Hazel is a year-old girl with cancer, which she calls a "side effect of dying" p. Another side effect of dying, according to Hazel, is her depression, and though she sees this as normal and incurable, her mother talks to one of her many doctors and gets her set up with antidepressants and a regularly meeting support group for youths with cancer. Hazel tells the reader about herself and her diagnosis through her interactions at Support Group - she introduces herself each meeting along with the fact that she has thyroid cancer that has spread to her lungs, always saying that she's "okay. One week not too long after joining the support group, Hazel attends one week - pausing to explain to the reader that she must take certain supporting technologies with her everywhere, namely an oxygen tank attached to a cannula that delivers oxygen directly to her nostrils - to find a hot boy, new to the group, staring at her. She succeeds, and when Patrick asks Augustus for his diagnosis osteosarcoma a year and a half before and about his fears to which Augustus responds "oblivion" p. He invites her over to his house to watch the movie, which she doesn't immediately accept.
V For Vendetta - Book 1, Chapter 1 Summary & Analysis
V for Vendetta movie review & film summary () | Roger Ebert
George Orwell wrote the book during the war as a cautionary fable in order to expose the seriousness of the dangers posed by Stalinism and totalitarian government. Orwell faced several obstacles in getting the novel published. First, he was putting forward an anti-Stalin book during a time when Western support for the Soviet Union was still high due to its support in Allied victories against Germany. Second, Orwell was not yet the literary star he would quickly become. In the United States alone, it sold , copies in four years. Animal Farm was translated into many languages, proving its universal reach. Animal Farm is an allegory or fable, a fairy tale for adults.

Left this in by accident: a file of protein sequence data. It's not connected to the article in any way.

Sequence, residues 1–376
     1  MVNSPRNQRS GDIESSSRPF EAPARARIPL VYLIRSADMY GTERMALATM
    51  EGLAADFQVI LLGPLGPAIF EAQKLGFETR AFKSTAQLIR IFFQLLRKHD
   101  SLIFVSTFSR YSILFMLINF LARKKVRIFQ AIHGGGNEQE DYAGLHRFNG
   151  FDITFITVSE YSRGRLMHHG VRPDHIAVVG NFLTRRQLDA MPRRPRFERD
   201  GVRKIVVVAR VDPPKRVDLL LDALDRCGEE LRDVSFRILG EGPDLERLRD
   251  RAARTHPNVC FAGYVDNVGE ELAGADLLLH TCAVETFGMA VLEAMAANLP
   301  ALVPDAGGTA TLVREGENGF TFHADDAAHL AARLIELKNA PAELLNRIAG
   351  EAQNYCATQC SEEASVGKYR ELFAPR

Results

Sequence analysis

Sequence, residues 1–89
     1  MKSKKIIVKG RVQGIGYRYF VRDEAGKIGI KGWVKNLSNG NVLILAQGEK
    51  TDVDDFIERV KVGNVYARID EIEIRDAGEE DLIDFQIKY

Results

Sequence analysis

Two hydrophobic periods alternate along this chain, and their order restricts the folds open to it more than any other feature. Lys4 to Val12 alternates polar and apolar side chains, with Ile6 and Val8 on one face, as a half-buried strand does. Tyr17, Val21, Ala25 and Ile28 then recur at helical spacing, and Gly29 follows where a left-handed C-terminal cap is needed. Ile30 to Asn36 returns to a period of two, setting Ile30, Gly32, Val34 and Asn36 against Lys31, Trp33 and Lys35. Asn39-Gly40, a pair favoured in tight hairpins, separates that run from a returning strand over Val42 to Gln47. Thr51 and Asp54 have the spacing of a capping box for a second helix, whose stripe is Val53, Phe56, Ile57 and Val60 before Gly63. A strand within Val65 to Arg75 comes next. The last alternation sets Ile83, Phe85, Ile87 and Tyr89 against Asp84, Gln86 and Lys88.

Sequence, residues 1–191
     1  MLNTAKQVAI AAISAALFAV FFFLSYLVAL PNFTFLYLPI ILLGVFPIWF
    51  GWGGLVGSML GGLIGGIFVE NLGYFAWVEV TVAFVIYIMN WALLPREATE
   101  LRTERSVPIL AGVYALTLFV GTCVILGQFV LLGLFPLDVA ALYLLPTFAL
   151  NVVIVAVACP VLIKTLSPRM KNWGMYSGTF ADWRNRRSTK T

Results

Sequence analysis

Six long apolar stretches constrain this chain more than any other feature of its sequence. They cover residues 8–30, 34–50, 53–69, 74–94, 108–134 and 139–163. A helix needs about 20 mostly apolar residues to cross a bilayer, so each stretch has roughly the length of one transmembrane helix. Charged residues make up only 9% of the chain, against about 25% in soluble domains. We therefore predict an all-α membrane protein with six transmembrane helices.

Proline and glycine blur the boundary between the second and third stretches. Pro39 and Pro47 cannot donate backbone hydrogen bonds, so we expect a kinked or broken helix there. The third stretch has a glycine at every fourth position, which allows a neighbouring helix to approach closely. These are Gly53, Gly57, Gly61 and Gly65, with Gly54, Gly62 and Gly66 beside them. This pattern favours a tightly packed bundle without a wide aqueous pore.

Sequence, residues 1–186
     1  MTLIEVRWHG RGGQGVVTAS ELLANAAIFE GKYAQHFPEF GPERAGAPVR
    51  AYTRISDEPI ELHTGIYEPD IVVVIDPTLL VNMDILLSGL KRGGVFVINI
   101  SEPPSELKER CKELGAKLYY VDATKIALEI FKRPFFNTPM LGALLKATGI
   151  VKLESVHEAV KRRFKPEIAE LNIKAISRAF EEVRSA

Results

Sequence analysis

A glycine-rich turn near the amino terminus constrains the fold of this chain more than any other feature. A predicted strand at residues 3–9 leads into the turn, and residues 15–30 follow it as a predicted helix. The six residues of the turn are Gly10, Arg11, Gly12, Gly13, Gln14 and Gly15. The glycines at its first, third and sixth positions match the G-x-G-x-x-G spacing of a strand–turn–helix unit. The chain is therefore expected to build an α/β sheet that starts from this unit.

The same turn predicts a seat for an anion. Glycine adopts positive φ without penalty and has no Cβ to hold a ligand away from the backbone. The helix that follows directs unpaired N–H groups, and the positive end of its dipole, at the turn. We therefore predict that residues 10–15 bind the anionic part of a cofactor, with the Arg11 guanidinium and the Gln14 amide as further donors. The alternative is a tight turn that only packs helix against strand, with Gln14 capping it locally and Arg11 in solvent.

Literary Criticism In Alan Moore's V For Vendetta
V for Vendetta. Plot Summary. Derek Almond Mr.
This poem has no plot; it is not telling a story in the traditional sense, with a rising action, climax, and resolution. Instead, it is an expression of how the narrator feels and how she behaves in response. She asks an unknown person or group of people, likely her enemies or critics, if she is upsetting them with the way she acts. She states repeatedly that she will rise regardless, and ends the poem by saying that she has become what her ancestors could only dream of.